A Look At The Future
IN PRINT ARCHIVE CIR Summer 1999
|MEMO to: Staff (INTERNAL USE ONLY)|
|From: Doug Steiner|
|Date: July 1999|
Re: Overuse of time machine
We used the time machine in our R&D labs (please don't tell anyone because they might want to use it to look at the stock pages in those new electronic newspapers we found). I brought a young MBA-type kid with me who wants to make a career in this business, and it seems that he has been able to figure out a plan for his future, too. We tried not to disturb anything, and we were only observing. Here's what we think we saw. Please plan your business units accordingly.
1. The cost of doing a trade looked like it had reduced to slightly more than a long distance telephone call, which seemed to cost the same as a local call.
2. eBay was trading equity securities right beside those turn of the century (21st that is) commemorative plates, which everyone seemed to collect and lose money on in late 1999 and early 2000.
3. There is no retail market. If you want to invest $400,000 for 22 days, retail investors seem to be paying the same price for all financial instruments, just as the big guys do.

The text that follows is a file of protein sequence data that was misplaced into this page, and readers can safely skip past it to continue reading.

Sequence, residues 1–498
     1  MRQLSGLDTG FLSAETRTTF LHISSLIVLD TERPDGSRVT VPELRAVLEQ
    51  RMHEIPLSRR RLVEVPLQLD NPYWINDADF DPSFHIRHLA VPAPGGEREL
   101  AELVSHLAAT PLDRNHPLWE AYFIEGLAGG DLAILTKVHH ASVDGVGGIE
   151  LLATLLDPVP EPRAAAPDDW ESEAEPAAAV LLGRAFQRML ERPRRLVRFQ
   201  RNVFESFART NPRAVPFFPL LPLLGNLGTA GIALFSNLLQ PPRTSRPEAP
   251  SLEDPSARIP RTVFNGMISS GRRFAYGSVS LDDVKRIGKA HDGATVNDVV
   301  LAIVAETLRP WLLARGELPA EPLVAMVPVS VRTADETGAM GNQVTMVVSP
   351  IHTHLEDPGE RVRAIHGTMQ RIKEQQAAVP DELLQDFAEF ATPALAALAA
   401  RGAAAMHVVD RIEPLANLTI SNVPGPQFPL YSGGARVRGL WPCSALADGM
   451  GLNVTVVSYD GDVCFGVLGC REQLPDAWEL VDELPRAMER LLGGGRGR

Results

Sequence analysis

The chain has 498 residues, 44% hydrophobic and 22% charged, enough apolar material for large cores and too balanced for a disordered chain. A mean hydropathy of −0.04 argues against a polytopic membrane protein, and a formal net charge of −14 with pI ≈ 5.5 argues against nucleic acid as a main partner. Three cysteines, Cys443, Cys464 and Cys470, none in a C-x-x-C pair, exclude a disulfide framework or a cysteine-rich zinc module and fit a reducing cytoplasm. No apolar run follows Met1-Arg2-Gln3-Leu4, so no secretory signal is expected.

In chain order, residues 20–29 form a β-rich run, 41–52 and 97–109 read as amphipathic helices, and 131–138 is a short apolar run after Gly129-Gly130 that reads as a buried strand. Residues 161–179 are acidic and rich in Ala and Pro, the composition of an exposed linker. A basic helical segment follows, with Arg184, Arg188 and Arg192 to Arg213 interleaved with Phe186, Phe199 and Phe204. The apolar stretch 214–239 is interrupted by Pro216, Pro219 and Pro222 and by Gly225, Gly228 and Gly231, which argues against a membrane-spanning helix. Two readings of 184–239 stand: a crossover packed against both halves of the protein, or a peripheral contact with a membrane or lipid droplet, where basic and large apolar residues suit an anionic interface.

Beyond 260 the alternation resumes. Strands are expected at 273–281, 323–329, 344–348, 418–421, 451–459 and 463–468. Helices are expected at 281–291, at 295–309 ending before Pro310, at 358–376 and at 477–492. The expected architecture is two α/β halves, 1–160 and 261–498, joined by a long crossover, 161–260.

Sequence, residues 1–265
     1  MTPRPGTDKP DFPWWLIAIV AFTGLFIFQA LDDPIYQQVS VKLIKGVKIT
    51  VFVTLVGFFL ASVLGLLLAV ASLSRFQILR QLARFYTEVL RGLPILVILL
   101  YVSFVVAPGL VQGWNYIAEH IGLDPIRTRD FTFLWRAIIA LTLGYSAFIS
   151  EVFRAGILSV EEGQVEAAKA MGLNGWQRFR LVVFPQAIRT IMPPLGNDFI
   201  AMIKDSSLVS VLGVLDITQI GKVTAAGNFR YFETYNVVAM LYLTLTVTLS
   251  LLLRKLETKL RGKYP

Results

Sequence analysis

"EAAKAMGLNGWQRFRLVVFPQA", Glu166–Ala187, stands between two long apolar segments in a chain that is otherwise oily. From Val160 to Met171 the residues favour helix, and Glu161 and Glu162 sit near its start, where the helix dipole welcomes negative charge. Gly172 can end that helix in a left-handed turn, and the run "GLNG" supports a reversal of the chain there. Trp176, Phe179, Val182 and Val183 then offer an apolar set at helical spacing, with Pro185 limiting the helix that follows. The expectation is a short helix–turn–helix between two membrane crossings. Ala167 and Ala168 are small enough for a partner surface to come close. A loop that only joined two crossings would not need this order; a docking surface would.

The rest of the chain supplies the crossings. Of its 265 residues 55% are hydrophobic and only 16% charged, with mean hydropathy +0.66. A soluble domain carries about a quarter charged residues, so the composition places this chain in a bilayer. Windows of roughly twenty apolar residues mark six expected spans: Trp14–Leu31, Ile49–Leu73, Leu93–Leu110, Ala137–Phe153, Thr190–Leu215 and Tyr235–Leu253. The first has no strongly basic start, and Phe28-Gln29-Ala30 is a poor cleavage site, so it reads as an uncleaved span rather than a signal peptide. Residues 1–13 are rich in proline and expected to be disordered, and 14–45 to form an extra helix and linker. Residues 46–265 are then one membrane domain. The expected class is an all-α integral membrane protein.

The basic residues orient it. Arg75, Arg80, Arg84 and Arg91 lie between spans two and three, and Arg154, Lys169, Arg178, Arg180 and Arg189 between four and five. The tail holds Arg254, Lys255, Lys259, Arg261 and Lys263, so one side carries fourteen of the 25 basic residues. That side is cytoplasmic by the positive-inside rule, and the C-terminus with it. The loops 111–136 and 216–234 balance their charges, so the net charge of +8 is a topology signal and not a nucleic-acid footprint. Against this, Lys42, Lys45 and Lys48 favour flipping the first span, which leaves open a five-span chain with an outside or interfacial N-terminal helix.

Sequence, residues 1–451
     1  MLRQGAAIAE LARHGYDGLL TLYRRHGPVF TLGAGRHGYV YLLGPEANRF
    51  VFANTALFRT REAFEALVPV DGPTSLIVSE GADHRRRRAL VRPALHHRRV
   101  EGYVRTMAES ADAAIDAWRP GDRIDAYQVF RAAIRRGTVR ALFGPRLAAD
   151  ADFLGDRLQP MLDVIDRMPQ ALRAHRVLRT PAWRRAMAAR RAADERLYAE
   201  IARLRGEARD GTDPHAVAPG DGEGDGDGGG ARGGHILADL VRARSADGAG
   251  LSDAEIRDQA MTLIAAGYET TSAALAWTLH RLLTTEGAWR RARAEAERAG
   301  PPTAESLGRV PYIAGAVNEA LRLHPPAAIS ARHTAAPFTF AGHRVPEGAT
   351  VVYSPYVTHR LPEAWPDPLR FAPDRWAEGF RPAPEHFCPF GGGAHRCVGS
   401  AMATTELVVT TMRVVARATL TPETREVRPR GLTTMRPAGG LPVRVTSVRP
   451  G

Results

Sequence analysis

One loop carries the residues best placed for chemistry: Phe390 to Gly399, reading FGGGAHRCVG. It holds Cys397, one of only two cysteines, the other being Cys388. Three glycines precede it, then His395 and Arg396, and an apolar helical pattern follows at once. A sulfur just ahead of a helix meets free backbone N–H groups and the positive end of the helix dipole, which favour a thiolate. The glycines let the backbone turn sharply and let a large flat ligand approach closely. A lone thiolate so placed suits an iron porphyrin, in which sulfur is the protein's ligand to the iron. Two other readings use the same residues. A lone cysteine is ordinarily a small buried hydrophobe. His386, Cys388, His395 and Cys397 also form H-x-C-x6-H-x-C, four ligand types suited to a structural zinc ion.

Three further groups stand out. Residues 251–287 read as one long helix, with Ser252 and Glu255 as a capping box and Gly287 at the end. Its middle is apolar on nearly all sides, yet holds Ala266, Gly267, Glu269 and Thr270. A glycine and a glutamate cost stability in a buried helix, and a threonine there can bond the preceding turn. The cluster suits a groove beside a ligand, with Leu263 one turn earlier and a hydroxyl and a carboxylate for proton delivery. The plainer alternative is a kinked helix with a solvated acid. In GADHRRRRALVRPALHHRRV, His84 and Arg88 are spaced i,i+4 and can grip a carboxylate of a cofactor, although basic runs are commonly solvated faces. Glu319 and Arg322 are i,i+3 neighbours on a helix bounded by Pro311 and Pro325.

4. There seemed to be no 'bad advice' attached to transactions as a fee or commission. The agent got paid slightly more if the client made money on a transaction and seemed to lose the account, or, at best, make nothing for lousy advice.
5. New issues are priced by the buyers, and not the old investment dealers (who look quite different). By the way, there was no commission because the issuers executed them directly to the buyers.
6. There seemed to be online communities around each specific asset. I wanted to know what was going on with the telecommunications companies, and it seems that they started their own financial services firms around 2002.
7. We saw an application that was just a button on what looked like a kind of web site that allowed for passive or active investing. The passive stuff looked like an order entry screen that you typed in size and hit the button, and it did the rest-- account maintenance, corporate actions, security maintenance, portfolio management and reporting, trading and fund accounting, all in real time.
8. The active investing button looked like an old stock trading application except instead of equity names, there were fund managers and their portfolios. You could just sell one portfolio and buy the other. Talk about an easy way to fire a manager.
9. The brokers didn't look as well paid as in the 1990s.
10. The good managers were managing buckets of money.
11. The volume reported from the all-linked matching engines for securities were north of 10 billion shares per day, about 1 billion shares per day in Canadian equities.
12. There didn't appear to be any stock exchanges or trading rooms.
13. There were a lot more financial instruments than five years ago.
One final note: please remember that this is confidential information. We don't want to let this out and give any of our competitors an unfair advantage.